Marion County

Divided COA panel reverses modification of support

August 13, 2015
Dave Stafford
A judge who ordered a modification of child support after a father told the court he was moving out of state and intended to seek custody of a minor child acted prematurely, a Court of Appeals panel majority ruled Thursday.
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Judge rules Indiana lawmakers can keep emails private

August 12, 2015
 Associated Press
A judge has ruled that the Indiana House of Representatives can keep private a lawmaker's emails and other correspondence with utility company officials about proposed legislation.
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‘Good lawyering’ echoes through memorable career

August 12, 2015
Marilyn Odendahl
In recognition of his dedication to the practice of law, colleagues on the bench and bar have selected attorney Donald Ward as the 2015 Indiana Bar Foundation Legendary Lawyer.
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Insurer off hook in Indy strip club shooting

August 12, 2015
Dave Stafford
A company that insured a westside Indianapolis strip club has no coverage duty for a patron who was shot in the face after an altercation outside the club three years ago, a federal judge has ruled.
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Authorities warn about jury duty scam telephone calls

July 29, 2015
 Associated Press
Indianapolis authorities are warning about a scam in which people get a phone call from someone demanding payment to avoid a warrant or arrest for failing to appear for jury duty.
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Altice selected to succeed Friedlander on Court of Appeals

July 29, 2015
Dave Stafford
Marion Superior Judge Robert R. Altice Jr. was named to the Indiana Court of Appeals July 17 by Gov. Mike Pence.
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COA affirms conviction, sentence in pizza deliveryman’s slaying

July 23, 2015
Dave Stafford
The Indiana Court of Appeals Thursday upheld the 65-year sentence and convictions a jury rendered against an Indianapolis man who robbed, shot and killed a pizza deliveryman at a southside apartment complex.
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Woman in recorded Indiana Wal-Mart fight pleads guilty

July 23, 2015
 Associated Press
One of two women whose fight at an Indiana Wal-Mart was caught on cellphone video has pleaded guilty to disorderly conduct.
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Former HHGregg manager wins class-action suit over bonuses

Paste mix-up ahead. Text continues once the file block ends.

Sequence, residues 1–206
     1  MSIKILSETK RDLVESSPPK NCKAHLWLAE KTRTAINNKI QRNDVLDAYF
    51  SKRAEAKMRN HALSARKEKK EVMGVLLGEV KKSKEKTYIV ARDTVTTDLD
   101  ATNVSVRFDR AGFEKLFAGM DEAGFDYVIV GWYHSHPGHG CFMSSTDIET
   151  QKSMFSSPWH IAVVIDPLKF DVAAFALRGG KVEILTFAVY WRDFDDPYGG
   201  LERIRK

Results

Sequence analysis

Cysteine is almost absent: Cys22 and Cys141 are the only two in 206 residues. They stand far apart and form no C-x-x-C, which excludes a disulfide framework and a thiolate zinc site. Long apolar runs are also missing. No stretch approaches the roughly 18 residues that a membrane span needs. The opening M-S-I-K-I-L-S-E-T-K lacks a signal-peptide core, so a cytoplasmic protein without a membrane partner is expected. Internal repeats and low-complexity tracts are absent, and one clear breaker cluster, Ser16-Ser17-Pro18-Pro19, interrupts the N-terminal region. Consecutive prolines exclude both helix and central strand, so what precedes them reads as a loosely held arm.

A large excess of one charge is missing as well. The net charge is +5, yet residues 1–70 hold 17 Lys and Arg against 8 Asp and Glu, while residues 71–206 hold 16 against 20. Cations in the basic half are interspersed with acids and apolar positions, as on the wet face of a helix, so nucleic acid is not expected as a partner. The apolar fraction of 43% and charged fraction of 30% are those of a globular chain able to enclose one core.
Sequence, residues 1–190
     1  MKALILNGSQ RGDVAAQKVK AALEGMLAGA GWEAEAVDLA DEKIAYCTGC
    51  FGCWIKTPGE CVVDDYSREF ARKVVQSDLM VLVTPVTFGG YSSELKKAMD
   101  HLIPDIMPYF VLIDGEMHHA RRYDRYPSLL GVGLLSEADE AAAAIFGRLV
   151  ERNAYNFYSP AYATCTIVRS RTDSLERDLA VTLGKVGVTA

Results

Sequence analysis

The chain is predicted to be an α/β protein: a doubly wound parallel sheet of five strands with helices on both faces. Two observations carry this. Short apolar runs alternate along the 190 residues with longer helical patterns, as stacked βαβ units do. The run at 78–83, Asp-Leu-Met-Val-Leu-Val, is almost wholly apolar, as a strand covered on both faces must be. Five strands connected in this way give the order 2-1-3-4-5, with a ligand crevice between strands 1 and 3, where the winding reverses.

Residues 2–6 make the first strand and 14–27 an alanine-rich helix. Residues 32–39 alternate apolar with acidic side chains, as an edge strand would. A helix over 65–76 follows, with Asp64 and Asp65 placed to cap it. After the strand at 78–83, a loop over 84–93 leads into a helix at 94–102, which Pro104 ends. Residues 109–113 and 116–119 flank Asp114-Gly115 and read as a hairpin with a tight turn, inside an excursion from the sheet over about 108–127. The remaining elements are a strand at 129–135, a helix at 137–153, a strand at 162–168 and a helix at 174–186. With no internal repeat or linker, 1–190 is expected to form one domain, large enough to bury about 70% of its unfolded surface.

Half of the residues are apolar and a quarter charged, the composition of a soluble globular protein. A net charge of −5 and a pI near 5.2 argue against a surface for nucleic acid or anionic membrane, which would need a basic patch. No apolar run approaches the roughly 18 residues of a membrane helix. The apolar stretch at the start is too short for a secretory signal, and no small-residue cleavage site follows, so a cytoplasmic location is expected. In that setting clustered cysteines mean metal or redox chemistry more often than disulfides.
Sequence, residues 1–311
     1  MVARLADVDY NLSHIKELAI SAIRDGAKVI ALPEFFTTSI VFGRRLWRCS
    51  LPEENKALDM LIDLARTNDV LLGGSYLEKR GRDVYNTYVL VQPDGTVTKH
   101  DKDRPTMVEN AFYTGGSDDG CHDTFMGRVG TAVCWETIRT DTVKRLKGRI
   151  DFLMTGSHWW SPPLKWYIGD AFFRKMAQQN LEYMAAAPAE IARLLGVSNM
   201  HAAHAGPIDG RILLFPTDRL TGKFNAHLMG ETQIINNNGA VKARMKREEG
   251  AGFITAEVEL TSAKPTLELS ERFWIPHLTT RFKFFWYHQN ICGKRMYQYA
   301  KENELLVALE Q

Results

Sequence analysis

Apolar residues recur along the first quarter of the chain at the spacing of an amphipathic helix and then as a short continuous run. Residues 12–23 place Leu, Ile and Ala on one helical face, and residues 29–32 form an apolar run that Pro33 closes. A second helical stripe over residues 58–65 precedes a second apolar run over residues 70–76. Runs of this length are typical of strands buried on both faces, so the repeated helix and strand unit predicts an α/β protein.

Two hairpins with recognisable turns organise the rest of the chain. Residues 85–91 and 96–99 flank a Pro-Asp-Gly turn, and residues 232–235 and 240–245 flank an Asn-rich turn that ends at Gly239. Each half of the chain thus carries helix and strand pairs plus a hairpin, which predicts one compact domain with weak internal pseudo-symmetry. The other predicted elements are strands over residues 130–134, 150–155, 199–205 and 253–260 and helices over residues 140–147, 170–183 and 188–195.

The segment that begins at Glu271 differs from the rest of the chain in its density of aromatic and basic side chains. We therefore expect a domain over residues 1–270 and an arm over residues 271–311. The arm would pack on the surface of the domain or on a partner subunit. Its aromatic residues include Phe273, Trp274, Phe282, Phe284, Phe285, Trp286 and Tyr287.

July 22, 2015
Indianapolis Business Journal, Scott Olson
A former HHGregg Inc. manager has won his lawsuit charging that the company failed to pay incentive bonuses after reaching certain financial goals.
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Judge considers life sentence in Indianapolis explosion case

July 15, 2015
 Associated Press
An Indianapolis man will spend decades in prison after his conviction for a house explosion scheme that killed two neighbors, and prosecutors urged a judge Wednesday to make him eligible for life without parole at next month's sentencing.
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Indiana woman charged in business thefts, fraud scheme

July 9, 2015
 Associated Press
An Indianapolis woman faces forgery, counterfeiting and other charges for allegedly defrauding more than 20 central Indiana residents through a theft scheme.
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Pot-smoking Indianapolis church sues over marijuana laws

July 9, 2015
 Associated Press
A pot-smoking church sued the city of Indianapolis and state of Indiana on Wednesday, claiming laws against possession and use of marijuana infringe on its religious beliefs.
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Former Ovation CFO arrested on multiple theft charges

June 30, 2015
Indianapolis Business Journal
The former chief financial officer for Ovation Audio-Video Solutions LLC has been arrested and charged with more than 20 counts of theft for allegedly misappropriating about $600,000 in company funds for his own use, Marion County Prosecutor Terry Curry announced Monday.
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Homeowners association loses appeal of assessments

June 19, 2015
Jennifer Nelson